Obviously, these aren’t an exhaustive set of examples; many more ways exist of getting the needed information in front of the DM (one, listing all of the relevant stats of the monsters at the back of the module, is something I’ve always just despised for some reason– I’d much rather have the book open).

What do you think? What’s your preferred way of seeing monster stats in a module, and why?

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Wargamer and RPG'er since the 1970's, author of Adventures Dark and Deep, Castle of the Mad Archmage, and other things, and proprietor of the Greyhawk Grognard blog.

18 thoughts on “How Do You Like Your Stat Blocks?

  1. It depends on the situation, really.

    If it's a shortish module, I really like to see something like C or D, with the information easily visible and ready to go.

    However, in something huge, like, say, CotMA, a simple note like A or B is entirely adequate as space considerations are a major issue.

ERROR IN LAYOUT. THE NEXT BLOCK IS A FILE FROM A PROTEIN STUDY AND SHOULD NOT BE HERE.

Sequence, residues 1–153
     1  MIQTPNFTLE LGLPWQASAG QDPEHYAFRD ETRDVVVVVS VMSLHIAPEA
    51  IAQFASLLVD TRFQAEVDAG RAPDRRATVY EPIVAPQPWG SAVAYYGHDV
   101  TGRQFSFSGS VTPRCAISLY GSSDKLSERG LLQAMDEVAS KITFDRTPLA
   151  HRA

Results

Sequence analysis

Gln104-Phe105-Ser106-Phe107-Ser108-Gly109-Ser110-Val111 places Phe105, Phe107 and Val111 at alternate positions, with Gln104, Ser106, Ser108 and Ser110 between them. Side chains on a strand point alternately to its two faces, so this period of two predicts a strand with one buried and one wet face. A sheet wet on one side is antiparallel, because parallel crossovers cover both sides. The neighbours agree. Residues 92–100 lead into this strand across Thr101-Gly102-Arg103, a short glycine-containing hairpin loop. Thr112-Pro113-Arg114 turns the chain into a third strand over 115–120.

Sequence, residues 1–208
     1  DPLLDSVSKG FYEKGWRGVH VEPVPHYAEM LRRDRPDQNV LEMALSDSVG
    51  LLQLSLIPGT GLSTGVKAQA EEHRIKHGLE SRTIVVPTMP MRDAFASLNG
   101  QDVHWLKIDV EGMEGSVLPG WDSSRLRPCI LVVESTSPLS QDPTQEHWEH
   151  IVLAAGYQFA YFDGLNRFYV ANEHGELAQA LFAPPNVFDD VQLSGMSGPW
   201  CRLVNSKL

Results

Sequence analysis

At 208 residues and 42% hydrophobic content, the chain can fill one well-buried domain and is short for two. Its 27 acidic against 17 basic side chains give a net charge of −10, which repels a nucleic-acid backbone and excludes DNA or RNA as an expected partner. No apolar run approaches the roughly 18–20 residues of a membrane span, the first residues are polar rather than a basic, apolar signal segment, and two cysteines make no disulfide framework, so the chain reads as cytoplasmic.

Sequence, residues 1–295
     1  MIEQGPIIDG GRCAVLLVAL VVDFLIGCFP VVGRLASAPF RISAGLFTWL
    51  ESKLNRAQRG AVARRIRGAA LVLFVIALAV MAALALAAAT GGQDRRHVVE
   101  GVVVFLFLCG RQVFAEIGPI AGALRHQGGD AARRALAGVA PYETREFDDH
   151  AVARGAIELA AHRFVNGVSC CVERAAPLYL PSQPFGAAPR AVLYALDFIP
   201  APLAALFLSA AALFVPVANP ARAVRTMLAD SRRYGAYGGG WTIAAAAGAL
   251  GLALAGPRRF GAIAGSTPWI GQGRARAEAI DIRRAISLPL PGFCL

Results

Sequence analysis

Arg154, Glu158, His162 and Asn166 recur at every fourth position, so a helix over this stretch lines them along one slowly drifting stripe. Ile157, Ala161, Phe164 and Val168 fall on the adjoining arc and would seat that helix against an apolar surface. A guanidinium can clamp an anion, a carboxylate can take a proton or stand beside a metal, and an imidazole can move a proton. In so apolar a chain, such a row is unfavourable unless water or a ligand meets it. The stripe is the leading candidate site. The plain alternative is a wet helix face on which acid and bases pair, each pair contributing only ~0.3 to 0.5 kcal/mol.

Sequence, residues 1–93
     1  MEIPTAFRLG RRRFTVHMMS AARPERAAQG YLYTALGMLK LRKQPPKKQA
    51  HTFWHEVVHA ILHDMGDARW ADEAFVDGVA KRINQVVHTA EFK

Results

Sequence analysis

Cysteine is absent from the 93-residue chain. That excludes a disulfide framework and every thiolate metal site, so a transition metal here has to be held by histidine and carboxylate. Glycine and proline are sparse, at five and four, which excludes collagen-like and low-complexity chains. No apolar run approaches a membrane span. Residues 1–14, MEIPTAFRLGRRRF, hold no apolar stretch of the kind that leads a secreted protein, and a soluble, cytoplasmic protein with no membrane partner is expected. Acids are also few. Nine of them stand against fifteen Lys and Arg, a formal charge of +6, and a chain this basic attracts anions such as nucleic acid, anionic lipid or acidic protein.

Just as long as you stay away from the obscenely long stat blocks that appeared in very late 2nd edition and got absurd in 3.x edition (i.e., a "stat block" for an average creature in an adventure could, and did, take up multiple pages of text).

  2. I'm going to vote for D as well. Setting the stat block slightly apart helps me to see it quickly in the middle of a session and I really like the idea that, if I've memorized the basic rules, I won't have to reference anything other than the module I'm using in the middle of a game.

    That said, if there were, say, five were-rat encounters on a single page, I'd say that including a stat block in each encounter description is probably overkill, or at least unnecessary. On the other hand, in a huge module, I'd like stat blocks repeated often enough that they at the very least within a page or two of any stat block-less encounters.

  3. B, but i would kick out HP, as i prefer just to roll some dices and leave them on table instead on writing number.
    If monsters have few special abilities then something like this: